My Single Story Analysis

Words: 668
Pages: 3

As a young, white, blonde haired girl, many people would ‘single story’ me as privileged, well-off, and a bit naive, and they’re be mostly right. I say mostly because I understand my own privilege—being from a white, upper-middle class family has allowed me to have opportunities that others outside of those boundaries wouldn’t have. But, they would be wrong by assuming my blonde hair and affinity for makeup and dresses equates to naivety or plain ignorance. These feminine traits have been viewed as inferior or stupid, coinciding with the stereotypical dumb sorority girl who adores pink and doesn’t understand basic math. My ‘single story’ is that because I am female and embrace that femininity, I am helpless. However, I am not free from relying on single-stories. I, myself, have fallen victim many times to the idea that femininity equates to stupidity and that any girl who likes the color pink is inherently dumb. Call it a teenage rebellion phase, but I longed to be different from the “other girls” and utilized internal …show more content…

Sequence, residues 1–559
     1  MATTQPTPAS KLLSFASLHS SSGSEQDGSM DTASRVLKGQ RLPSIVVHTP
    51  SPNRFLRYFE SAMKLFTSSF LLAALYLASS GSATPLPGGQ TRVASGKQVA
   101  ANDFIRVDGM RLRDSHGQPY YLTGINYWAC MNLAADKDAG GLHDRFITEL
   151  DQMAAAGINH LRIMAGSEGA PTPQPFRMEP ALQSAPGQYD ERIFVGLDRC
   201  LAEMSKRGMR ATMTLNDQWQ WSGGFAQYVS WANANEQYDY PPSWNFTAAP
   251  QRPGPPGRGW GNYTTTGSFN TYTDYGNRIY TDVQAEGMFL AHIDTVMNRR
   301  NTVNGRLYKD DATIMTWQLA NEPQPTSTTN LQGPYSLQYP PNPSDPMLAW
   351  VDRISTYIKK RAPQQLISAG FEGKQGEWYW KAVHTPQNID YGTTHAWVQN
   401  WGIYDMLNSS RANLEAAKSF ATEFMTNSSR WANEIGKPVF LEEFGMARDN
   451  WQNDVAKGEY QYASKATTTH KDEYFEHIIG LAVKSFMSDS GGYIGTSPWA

As expressed within much of our reading, misinformation can create incorrect ideas of groups and their individuals within our heads, leading to these single stories. These ideas, while genuinely negative, can also perpetuate for the majority to be a sort of “protector” of the minority, which isn’t the case. As Chimamanda Ngozi Adichie explained in her TedTalk “The Danger of a Single Story,” her white roommate had both her and the entirety of Africa pegged to the single story of being helpless, uneducated, and confined to a life where they could not make anything, just as Chimamanda had done previously to a house servant of hers, Fide. Through educating ourselves—either through personal experiences or merely reading educated sources—and getting a wide variety of information, rather than sticking to what we know or what others deem essential to telling